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Hum Genet. 2009 Feb;125(1):63-79. doi: 10.1007/s00439-008-0600-y. Epub 2008 Dec 4.

Pathways-based analyses of whole-genome association study data in bipolar disorder reveal genes mediating ion channel activity and synaptic neurotransmission.

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  • 1Department of Psychiatry and Human Behavior, Warren Alpert Medical School of Brown University, Butler Hospital, 345 Blackstone Blvd., Providence, RI 02906, USA.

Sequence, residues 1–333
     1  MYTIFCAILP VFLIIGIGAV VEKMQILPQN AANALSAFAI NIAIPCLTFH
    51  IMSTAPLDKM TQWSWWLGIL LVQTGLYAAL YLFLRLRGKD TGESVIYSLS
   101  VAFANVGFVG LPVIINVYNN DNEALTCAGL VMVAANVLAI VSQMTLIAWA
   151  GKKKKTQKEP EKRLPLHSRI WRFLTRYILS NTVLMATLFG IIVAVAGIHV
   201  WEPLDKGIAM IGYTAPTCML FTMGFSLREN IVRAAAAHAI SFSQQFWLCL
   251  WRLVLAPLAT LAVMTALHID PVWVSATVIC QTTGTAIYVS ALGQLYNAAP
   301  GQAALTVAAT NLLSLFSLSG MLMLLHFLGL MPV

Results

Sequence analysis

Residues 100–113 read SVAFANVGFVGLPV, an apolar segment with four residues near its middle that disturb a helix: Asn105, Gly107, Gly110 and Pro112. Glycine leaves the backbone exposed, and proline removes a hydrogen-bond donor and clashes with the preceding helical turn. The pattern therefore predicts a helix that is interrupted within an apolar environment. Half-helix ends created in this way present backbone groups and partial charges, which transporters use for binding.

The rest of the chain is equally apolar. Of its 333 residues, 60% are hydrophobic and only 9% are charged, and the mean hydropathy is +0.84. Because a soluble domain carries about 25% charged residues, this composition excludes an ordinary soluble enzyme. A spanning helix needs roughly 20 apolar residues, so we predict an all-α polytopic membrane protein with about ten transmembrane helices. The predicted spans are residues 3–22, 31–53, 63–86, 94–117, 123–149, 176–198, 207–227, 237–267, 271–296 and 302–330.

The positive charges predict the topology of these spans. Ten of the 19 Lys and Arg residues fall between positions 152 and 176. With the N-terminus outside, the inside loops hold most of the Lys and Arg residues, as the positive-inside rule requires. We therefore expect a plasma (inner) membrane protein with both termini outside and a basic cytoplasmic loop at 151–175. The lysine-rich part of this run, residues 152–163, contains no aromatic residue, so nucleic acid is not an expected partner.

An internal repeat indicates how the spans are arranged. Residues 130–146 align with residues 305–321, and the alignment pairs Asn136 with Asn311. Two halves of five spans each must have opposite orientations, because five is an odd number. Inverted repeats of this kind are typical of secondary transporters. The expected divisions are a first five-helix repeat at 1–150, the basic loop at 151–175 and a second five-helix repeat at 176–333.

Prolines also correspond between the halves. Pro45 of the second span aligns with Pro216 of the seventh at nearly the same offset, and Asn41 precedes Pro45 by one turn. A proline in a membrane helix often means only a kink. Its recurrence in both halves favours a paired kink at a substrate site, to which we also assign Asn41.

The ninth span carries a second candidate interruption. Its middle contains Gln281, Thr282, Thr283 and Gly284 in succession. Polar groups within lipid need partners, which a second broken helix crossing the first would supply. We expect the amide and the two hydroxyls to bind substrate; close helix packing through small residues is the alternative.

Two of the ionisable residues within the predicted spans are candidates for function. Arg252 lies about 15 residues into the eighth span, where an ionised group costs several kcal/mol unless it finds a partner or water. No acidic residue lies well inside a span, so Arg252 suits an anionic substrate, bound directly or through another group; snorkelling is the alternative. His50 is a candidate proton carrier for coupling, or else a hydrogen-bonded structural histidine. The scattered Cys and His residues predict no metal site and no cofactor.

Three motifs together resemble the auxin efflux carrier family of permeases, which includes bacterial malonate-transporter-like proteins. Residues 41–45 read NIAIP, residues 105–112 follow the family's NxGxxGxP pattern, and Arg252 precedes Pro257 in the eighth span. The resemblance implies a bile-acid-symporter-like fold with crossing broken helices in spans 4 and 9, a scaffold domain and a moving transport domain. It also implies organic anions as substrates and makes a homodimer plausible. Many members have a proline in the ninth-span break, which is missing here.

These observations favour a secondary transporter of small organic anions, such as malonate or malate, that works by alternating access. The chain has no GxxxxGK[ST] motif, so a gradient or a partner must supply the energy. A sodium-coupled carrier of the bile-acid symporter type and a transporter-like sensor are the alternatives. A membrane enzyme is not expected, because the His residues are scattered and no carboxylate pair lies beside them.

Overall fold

Despite known heritability, the complex genetic architecture of bipolar disorder (likely including trait, locus and allelic heterogeneity, as well as genetic interactions) has confounded genetic discovery for many years. Even modern day whole genome association studies (WGAS) using over half a million common SNPs have implicated only a handful of genes at the genomewide level. Temporally coincident with this series of WGAS, a host of pathways-based analyses (PBAs) have emerged as novel computational approaches in the examination of large-scale datasets, but thus far rarely have been applied to WGAS data in psychiatric disorders. Here, we report a series of PBAs conducted using exploratory visual analysis, an analytic and visualization software tool for examining genomic data, to examine results from the National Institutes of Mental Health and Wellcome-Trust Case Control Consortium WGAS in bipolar disorder. Consistent with a host of prior linkage findings, some candidate gene association studies, and recent WGAS, our strongest findings suggest involvement of ion channel structural and regulatory genes, including voltage-gated ion channels and the broader ion channel group that comprises both voltage- and ligand-gated channels. Moreover, we found only modest overlap in the particular genes driving the significance of these gene sets across the analyses. This observation strongly suggests that variation in ion channel genes, as a class of genes, may contribute to the susceptibility of bipolar disorder and that heterogeneity may figure prominently in the genetic architecture of this susceptibility.

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